Self-serve kiosks call for protection against hackers
Image courtesy of iStock
John Ayers is vice president of product management at Netsurion with experience building teams and managing SD-WAN, security, governance, risk and compliance within internal and external working environments.
by John Ayers
Today's restaurants are loaded with internet-connected technologies, and in the present age of digital transformation, the rate at which new technologies are onboarded feels like an all-out arms race.
As consumer demand for digital convenience increases, restaurants are pushed to meet, rather than exceed, expectations for quality, speed and convenience. In the rush to keep up and quickly deploy new technologies, additional security vulnerabilities are often introduced. Restaurants and fast food chains have always been a prime target for cybercriminals due to their high volume of low dollar credit card transactions and typically lagging security posture.
Yesterday's solutions don't cut it
In the past, standard security measures — firewall, antivirus and even encryption — were a solid response to the cyber threats facing diners.
With the rapid addition of internet-connected technologies that touch the same network as the point-of-sale system, new opportunities for credit card data breaches are popping up. Vulnerabilities can be found in many network gateways, such as: self-ordering kiosks, digital menu boards, the tabletop tablets, loyalty program applications, guest Wi-Fi, digital inventory tracking, employee scheduling software, or ironically enough, physical security cameras. The fact is, if one of these systems is vulnerable, your credit card is as well.
So, let's take a closer look at a new self-service kiosk as an example. The kiosk you are looking at is most likely just a Windows-based PC in a sleeker body running a web-based application that communicates with a server for menu data — typically located in the provider's data center or on site. For example, McDonalds' new kiosks are not only a digital menu board, but also an order fulfillment where customers can order, purchase and then pick food up at the counter. This means that the kiosk is connected to the store's network through Wi-Fi or through a direct Ethernet cable.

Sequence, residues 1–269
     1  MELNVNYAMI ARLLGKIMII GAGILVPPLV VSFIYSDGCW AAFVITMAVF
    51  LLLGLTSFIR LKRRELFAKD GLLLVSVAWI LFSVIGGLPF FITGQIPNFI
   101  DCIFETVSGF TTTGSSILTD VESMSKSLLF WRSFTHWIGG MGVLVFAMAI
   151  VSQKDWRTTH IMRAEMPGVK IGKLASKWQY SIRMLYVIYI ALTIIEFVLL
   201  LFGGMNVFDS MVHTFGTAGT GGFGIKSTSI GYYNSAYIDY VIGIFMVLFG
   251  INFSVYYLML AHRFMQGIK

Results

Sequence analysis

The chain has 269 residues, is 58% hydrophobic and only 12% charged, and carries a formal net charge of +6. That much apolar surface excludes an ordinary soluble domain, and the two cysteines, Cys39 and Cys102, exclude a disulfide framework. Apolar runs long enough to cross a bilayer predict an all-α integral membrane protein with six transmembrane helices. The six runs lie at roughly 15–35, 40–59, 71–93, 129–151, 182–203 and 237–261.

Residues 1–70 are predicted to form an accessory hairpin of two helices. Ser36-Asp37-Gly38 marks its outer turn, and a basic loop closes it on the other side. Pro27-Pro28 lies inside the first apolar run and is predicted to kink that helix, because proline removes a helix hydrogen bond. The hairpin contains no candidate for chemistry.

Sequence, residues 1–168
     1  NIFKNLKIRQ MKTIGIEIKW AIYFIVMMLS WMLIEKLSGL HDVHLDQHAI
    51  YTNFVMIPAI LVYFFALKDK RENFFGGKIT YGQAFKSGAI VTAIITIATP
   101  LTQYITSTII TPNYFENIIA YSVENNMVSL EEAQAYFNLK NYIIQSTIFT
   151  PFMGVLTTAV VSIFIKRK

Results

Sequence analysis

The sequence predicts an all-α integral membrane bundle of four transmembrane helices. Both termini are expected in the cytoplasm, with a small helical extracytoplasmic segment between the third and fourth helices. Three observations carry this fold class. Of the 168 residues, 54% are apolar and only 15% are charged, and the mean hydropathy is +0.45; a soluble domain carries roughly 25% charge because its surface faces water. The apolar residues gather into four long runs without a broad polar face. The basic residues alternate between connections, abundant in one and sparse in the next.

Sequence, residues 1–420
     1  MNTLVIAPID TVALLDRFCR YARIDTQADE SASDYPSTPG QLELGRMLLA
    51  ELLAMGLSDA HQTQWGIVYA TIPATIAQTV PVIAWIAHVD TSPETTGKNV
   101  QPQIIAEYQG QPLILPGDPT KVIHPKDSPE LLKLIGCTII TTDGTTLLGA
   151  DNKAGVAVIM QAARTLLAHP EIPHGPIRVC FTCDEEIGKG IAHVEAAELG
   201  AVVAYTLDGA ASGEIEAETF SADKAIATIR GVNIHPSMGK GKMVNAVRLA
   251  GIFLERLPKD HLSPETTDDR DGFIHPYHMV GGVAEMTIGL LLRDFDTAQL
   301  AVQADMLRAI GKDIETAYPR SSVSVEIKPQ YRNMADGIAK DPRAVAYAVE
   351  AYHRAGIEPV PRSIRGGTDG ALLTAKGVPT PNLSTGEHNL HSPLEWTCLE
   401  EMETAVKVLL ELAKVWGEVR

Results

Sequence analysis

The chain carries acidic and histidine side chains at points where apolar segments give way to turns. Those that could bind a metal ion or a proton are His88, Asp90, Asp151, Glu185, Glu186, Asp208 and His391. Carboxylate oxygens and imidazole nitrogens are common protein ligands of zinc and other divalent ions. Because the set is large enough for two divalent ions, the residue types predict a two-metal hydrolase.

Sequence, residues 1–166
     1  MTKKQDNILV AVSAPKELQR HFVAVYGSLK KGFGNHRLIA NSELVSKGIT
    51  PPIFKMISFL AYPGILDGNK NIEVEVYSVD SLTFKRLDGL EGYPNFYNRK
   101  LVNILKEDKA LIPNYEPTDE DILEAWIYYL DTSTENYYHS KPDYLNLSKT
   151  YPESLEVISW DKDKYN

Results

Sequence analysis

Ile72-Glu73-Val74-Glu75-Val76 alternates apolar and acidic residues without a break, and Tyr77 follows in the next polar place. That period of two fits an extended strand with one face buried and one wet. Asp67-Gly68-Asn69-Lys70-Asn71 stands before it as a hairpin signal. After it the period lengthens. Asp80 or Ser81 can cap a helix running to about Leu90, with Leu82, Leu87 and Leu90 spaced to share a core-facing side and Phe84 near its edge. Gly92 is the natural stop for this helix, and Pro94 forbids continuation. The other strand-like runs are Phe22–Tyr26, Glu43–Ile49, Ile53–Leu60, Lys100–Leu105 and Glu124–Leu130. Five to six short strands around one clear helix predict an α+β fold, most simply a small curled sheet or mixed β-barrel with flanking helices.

To communicate over the internet, the kiosk must enable security trolls to protect the access. The kiosk is also in charge of protecting the POS system so that it cannot be compromised by the digital menu via shared internet access. A successful intrusion into the kiosk device could be the foothold a hacker needs to make a hop or two into the POS and begin exfiltrating credit card data. Such POS intrusions have been known to go undetected for months.
What can be done
In the above example, the situation can be prevented by implementing recommended best practices such as the following:
- Segmenting the network to separate POS traffic from all others.
- Deploying cloud next-generation firewall services to ensure security policies stay current while monitoring and preventing an intrusion.
- Using endpoint threat protection on the kiosk device and POS systems for real-time alerts of anomalous and potentially malicious behaviors and events.
As on-premise firewall devices become more expensive and more complex, one critical consideration every store should be considering is managed SD-WAN (Software-Defined Wide Area Networking). SDXcentral, an independent media company, defines SD-WAN as a specific application of software defined networking technology applied to WAN connections, which are used to connect enterprise networks over large geographic distances.
SD-WAN is an effective way to roll secure and resilient connectivity, threat protection and PCI DSS compliance into one efficient, simpler and less expensive solution. With SD-WAN, simpler multi-purpose edge routers are deployed to the stores while the smarts, such as next-generation firewall protection, intrusion detection and more, are deployed and orchestrated via the cloud.